PAUL: Hello. What we've heard this morning from President Trump saying that he believes President Putin, that President Putin did not meddle in this U.S. election. Should the president believe him?
SOLDATOV: Well, I think so. I think it's very normal for Vladimir Putin to say one thing and then in a year completely change his position. Remember, in 2014, he said that his troops never invaded Crimea. And a year later, he said, no, it was actually my troops.
PAUL: So you have had extraordinary reach into the Kremlin with your inside reporting and your investigations, and your contacts there.
I want to talk about Russia's abilities, if I could here. Were you aware of Russia's reach into foreign politics outside the Kremlin?
SOLDATOV: Well, the problem here is that, as the role of Russian hacking operations is extremely complicated. It includes some people in bureaucracies, some in securities services and intelligence agencies. But also it's about some outsourced factors. It's about people who are officially not part of the government, but at the same time, they're extremely close to the administration of the president. And that makes them much more adventurous and much more flexible, and sometimes much more effective. And we suspect that was the case with 2016.
PAUL: So, with that said, what evidence stands out to you that would prove that President Putin and the Kremlin were connected to any meddling in the U.S. with this election in 2016?
SOLDATOV: Well, the first question we have is, we try to understand why this operation might actually take place. And actually we were told by our sources that part of the papers in this investigation triggered this reaction. And Putin personally took it as a big offensive, a big law. And we believe that we've identified at least one meeting of the Russian Security Council at the beginning of our probe that probably was used to discuss how to fight back.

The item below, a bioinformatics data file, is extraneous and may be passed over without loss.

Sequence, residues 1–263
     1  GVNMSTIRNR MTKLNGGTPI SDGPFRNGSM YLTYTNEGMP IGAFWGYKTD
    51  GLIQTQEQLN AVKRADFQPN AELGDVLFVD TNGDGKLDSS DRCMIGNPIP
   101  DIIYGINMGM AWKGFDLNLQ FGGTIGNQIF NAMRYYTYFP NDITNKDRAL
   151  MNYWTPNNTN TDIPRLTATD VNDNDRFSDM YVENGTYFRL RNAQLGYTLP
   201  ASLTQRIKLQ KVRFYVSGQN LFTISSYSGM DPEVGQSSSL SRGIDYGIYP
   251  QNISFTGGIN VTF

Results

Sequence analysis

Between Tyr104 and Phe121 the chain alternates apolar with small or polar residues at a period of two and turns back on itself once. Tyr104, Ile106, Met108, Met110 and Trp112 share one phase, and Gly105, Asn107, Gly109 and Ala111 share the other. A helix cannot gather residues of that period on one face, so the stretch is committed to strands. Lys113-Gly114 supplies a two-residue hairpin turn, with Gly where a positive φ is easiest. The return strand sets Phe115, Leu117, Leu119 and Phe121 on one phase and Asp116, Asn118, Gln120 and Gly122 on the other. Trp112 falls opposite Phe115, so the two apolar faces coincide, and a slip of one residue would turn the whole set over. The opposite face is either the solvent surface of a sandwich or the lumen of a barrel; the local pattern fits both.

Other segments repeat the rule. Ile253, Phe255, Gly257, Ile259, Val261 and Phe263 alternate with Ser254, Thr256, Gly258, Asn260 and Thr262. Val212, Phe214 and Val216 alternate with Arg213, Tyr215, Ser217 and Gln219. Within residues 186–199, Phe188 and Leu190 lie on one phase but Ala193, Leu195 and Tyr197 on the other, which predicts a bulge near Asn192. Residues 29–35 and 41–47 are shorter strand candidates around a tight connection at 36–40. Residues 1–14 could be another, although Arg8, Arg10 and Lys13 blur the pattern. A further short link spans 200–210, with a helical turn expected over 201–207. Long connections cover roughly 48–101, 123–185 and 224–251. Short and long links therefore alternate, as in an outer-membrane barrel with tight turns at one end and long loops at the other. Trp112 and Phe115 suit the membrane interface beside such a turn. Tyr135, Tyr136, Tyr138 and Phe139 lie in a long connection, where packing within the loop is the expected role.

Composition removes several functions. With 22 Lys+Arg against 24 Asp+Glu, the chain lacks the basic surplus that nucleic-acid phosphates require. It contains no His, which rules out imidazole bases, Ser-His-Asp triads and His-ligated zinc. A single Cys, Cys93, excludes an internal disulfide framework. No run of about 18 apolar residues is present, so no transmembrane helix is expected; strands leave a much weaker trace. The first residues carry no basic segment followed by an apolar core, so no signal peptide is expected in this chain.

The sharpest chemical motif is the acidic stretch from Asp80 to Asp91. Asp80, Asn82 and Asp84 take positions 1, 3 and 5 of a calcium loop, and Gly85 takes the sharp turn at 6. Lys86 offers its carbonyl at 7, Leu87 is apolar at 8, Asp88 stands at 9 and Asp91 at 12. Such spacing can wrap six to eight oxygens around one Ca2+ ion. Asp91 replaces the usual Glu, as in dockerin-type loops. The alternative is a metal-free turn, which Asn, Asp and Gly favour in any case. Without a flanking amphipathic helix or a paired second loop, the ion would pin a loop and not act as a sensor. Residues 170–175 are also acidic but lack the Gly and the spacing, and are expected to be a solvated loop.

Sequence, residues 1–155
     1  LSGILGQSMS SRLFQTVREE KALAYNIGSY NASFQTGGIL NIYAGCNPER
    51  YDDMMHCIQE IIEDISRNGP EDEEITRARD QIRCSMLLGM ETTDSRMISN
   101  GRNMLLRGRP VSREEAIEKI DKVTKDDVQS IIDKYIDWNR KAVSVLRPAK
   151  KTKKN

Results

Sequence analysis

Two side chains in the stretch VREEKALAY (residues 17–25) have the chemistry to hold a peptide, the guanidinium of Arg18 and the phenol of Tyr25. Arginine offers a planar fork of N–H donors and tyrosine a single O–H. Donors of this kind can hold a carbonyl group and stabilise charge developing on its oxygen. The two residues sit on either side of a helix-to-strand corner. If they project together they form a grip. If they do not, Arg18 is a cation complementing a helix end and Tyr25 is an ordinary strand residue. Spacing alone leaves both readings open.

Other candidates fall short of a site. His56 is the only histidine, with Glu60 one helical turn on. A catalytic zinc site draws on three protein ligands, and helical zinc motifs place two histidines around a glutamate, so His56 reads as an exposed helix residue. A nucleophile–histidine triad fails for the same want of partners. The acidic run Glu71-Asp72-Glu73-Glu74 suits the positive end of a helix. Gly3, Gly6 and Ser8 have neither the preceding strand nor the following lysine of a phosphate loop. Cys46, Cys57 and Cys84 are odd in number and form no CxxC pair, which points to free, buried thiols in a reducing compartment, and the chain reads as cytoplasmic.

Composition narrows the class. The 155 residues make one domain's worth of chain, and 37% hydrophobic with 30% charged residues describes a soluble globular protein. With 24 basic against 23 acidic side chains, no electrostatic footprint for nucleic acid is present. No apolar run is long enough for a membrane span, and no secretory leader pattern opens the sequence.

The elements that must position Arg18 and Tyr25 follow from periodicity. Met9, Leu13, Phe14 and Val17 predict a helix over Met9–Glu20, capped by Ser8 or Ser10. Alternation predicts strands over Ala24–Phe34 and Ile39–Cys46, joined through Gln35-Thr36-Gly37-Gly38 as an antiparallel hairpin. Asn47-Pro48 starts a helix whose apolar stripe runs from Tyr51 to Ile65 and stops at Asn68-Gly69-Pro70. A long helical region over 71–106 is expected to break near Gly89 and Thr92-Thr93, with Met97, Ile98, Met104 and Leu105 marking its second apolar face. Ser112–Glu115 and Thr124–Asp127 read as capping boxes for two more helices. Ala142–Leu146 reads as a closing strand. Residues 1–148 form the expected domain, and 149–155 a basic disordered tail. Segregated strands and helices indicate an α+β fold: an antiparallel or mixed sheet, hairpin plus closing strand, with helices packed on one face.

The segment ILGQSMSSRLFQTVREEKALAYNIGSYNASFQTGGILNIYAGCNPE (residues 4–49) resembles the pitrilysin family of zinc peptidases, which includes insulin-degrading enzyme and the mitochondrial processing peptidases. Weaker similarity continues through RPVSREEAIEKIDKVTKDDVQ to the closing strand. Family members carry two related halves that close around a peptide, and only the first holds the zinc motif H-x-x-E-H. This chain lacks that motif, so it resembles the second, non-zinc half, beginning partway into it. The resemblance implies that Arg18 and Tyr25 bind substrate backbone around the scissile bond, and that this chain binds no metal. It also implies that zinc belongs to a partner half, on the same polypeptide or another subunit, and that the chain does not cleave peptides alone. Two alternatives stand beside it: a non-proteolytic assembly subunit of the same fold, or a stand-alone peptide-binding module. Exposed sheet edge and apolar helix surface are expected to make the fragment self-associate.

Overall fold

PAUL: And real quickly, one last question, President Putin this morning said he's ready to turn the page and move forward with the U.S. What is your reaction to that?
SOLDATOV: I think it's a very, I would say, traditional reaction of the Kremlin. Never pay attention to what actually happened and try to move on and -- like actually nothing happened. And we saw this with many investigations about the corruptness in the Kremlin, about many scandals to just say well, we do not pay attention to what journalists say. I don't think it's good work here but they will try to use this strategy again.
PAUL: All right. Andrei Soldatov, we appreciate it so much. Thank you for your insight.
SOLDATOV: Thank you.
PAUL: We'll be right back.
[08:43:44] BLACKWELL: This week's "FIT NATION" looks at how a blind rock climber overcame adversity to compete in his first World Cup.
PAUL: CNN's Dr. Sanjay Gupta has the story.
JUSTIN SOLIS, ROCK CLIMBER: I get to kind of interact with rock on a way that I think very few people get to experience. Climbing has taught me how to navigate the world in a completely different way.
DR. SANJAY GUPTA, CNN CHIEF MEDICAL CORRESPONDENT (voice-over): Justin Solis is a professional rock climber. He's also legally blind.
SOLIS: Being a young teen boy and losing your vision is one of the hardest things I could have imagined. I was about to get my learner's permit. And that was just rough for me.
GUPTA: Despite years of tests, doctors couldn't determine the cause of his vision loss.
SOLIS: I spent probably two or three years just not doing anything at all until a friend that worked at a local gym told me that I didn't need to see to rock climb and I was hooked.
GUPTA: Justin can't see anything straight ahead so he relies mainly on his peripheral vision.